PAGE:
Napoleon on the Throne

Napoleon Bonaparte was named emperor of France after the senatus consultum of 18 May 1804. The sumptuous coronation ceremony took place a few months later, on 2 December 1804, at Notre Dame Cathedral in Paris. For the occasion, Napoleon wore a range of different garments, including the "grand habillement" (ceremonial dress). In 1806, a young artist, Jean-Auguste-Dominique Ingres (1780-1867), painted him wearing this ceremonial dress, including a purple velvet robe decorated with golden bees.

About the work

 

 

"Napoleon on the Throne" or "His Majesty the Emperor of France on his Throne" by Jean-Auguste-Dominique Ingres © Paris - Musée de l'Armée, Dist. RMN-Grand Palais / Emilie Cambier

 

Today, this is one of the most famous portraits of Napoleon, but it was not well liked by his contemporaries, who saw it as "Gothic" and "barbarous". The composition is original, showing Napoleon seated, face-on, with his head emerging from a body clothed in impressive attire. It was far removed from the way the emperor was usually shown. Here he is compared to Jupiter or a Byzantine icon. It is thought that the painting was made to be sent to Italy, since the coat of arms of the kingdom of Italy can be seen in the background.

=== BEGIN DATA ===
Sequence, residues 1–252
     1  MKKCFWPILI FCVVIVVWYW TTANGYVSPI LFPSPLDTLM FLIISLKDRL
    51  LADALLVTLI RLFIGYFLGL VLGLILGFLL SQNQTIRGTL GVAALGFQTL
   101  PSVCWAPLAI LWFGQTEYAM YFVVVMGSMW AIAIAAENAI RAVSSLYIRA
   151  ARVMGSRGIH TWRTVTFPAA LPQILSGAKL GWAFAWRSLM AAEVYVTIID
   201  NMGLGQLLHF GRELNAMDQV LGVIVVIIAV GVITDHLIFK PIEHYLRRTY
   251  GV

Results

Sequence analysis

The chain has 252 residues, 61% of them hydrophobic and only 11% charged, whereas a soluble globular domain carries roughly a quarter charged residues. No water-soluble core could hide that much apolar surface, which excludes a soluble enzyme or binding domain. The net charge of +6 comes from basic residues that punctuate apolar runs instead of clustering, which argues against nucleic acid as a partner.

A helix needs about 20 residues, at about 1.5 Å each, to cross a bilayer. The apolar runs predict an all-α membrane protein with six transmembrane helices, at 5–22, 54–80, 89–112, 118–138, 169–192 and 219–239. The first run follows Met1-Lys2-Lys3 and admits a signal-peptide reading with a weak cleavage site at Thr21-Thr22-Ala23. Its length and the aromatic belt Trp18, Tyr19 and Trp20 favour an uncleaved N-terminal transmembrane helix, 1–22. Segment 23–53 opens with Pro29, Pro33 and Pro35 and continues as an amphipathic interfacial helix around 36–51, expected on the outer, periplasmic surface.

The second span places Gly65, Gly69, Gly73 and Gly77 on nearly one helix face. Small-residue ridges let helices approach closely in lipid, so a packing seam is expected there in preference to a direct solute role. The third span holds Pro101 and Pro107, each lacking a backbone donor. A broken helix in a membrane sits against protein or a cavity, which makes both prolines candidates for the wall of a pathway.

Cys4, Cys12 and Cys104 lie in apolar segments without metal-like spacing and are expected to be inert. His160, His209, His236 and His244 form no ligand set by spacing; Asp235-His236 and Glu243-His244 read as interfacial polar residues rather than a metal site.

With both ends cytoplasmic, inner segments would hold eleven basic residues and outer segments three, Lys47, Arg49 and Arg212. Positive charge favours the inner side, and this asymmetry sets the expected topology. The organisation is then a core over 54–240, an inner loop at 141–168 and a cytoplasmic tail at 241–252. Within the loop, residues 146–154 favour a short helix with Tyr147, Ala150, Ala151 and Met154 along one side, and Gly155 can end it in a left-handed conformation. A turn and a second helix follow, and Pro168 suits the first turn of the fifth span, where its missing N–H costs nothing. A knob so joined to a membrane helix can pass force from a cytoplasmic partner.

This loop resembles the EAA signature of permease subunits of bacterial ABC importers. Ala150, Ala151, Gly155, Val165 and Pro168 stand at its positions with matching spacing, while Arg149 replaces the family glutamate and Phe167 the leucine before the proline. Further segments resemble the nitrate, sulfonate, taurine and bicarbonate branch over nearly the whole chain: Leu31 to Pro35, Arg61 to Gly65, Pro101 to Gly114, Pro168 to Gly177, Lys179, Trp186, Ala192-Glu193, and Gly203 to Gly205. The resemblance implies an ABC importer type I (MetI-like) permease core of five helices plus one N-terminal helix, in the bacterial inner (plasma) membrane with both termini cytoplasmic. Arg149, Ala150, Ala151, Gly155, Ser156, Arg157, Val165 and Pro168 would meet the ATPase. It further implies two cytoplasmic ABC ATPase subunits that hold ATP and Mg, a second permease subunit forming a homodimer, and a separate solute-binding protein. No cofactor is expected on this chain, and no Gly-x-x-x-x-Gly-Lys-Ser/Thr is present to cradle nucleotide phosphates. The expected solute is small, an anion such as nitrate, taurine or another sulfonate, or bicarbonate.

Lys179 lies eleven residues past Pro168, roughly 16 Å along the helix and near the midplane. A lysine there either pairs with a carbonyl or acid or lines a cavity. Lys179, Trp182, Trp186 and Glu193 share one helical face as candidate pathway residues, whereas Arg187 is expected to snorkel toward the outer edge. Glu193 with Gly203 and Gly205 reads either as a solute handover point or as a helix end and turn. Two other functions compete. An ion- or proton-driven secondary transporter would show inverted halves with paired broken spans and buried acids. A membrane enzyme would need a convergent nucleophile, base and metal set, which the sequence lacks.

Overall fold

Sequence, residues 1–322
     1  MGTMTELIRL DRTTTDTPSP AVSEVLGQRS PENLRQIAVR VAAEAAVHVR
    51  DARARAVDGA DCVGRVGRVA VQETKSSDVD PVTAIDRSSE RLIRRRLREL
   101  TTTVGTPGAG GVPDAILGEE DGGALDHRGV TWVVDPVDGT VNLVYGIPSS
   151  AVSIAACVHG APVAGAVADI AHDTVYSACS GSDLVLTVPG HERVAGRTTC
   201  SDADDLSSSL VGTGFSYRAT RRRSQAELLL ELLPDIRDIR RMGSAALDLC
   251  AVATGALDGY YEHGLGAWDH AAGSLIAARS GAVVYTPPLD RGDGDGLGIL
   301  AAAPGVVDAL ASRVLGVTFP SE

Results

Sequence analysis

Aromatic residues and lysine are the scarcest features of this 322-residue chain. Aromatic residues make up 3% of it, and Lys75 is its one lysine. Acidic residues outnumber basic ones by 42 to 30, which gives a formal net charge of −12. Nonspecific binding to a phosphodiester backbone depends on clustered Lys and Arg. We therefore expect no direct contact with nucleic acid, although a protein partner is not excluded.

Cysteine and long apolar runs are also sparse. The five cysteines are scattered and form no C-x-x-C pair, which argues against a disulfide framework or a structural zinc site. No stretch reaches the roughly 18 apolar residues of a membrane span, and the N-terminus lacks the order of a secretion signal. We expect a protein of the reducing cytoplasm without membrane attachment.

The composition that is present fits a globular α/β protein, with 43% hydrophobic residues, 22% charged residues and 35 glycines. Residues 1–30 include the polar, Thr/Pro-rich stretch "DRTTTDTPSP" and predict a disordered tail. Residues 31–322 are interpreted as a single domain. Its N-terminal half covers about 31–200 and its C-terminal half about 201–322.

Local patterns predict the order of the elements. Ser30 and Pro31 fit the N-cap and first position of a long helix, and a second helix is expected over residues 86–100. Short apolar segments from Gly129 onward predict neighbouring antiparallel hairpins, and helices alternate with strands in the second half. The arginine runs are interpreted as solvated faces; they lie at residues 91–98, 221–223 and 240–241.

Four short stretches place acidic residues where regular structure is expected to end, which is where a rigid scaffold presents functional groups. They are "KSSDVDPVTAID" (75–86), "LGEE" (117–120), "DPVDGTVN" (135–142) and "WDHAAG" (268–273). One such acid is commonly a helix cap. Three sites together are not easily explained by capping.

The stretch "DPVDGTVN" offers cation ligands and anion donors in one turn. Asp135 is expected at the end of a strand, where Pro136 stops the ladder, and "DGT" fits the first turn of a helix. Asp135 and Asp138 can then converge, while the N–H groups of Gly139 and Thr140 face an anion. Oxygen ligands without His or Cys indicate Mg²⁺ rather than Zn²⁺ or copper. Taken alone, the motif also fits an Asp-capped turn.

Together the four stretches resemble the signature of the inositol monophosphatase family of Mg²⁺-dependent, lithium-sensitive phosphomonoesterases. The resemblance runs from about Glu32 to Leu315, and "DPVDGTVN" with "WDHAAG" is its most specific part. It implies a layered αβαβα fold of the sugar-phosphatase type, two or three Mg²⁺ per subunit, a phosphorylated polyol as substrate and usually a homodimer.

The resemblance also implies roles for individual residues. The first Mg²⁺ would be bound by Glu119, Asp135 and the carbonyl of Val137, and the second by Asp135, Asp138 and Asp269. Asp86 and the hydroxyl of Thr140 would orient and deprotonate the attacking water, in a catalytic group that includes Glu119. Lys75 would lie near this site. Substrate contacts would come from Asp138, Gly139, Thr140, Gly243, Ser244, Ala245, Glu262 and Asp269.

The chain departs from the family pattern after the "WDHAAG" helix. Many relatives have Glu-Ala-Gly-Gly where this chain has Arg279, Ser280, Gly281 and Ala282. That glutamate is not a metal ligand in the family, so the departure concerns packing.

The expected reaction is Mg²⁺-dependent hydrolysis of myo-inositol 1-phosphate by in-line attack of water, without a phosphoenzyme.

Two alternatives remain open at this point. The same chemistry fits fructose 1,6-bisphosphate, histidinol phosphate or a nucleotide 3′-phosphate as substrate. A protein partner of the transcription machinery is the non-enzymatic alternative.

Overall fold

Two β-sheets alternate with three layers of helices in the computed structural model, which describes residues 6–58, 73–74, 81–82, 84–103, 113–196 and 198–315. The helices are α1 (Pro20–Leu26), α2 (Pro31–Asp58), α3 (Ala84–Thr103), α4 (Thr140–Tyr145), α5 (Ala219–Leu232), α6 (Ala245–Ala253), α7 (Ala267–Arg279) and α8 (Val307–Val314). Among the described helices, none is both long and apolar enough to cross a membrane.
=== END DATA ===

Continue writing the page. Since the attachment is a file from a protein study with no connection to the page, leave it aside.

The bees on the robe were one of the empire's chosen emblems, along with the eagle.

 

 

 

On Napoleon's head, the laurel crown, like the purple robe, recalls the Roman emperors. 

 

 

 

Other regalia (objects of imperial power once carried by the kings of France and handed over during the coronation) include the sceptre with a statuette of Charlemagne at the top, the hand of Justice (on the right) and a sword inspired by the Joyeuse, Charlemagne's legendary sword.

 

 

 

 

Label 

 


Date : 1806

Width : 1,63 m and Height : 2,60 m

Author: Jean-Auguste-Dominique Ingres (1780-1867)

Inventory no. : 4 ; Ea 89/1

Techniques : Oil on canvas

History : From 1806 to 1814, the painting was part of the French Legislative Assembly collection, and was then added to the royal museums collection. In 1832, King Louis-Philippe donated it to the Hôtel des Invalides.

Place of creation : France